Thiruvanananthapuram: Private bus operations have fallen on evil days and many owners are surrendering their permits due to the prohibitive cost of running the vehicles.
This has come about due to a host of factors, including the hike in fuel prices, tyres and spare parts, motor vehicle tax, insurance, wage bills, 12.5 percent concession to students and minimum fare of Rs 8.
Though the state government on Friday decided to extend the period of permit to 20 years from the current 15 to appease them, many submitted applications to stop operations from September 30.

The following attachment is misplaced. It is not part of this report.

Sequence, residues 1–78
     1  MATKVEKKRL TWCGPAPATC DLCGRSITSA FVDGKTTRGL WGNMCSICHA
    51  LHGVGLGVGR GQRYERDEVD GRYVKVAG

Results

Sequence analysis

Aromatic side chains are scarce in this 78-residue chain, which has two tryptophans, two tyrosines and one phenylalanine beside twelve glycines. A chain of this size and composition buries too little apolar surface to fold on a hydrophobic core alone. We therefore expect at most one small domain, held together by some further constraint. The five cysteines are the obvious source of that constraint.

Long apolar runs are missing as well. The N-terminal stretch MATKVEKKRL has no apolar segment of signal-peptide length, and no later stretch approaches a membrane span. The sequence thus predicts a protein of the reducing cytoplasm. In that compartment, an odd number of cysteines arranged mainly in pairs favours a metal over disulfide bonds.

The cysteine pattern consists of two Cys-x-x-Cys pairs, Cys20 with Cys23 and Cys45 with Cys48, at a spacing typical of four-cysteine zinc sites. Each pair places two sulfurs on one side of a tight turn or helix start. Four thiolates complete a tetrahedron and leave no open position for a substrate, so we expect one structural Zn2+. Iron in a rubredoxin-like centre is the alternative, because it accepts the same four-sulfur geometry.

The number of private buses on the road had come down from 34,000 in 2011 to 12,500 by September this year. Those operating single buses are the hardest hit.
The permits of many of them were to end on September 30, but the government wanted them to continue services and extended the permit period. However, it is not clear how many operators would go back on their decision to stop the services.
The last date for submitting Form G to continue operations is September 30, said Mr Lawrence Babu, general secretary, Kerala State Private Bus Operators Federation.
However, during a meeting of the regional transport authority in Kollam on September 25, the owners of 14 buses submitted applications to surrender permits, said Mr Babu. “About 40 percent of the bus owners will not extend their permits,” he said.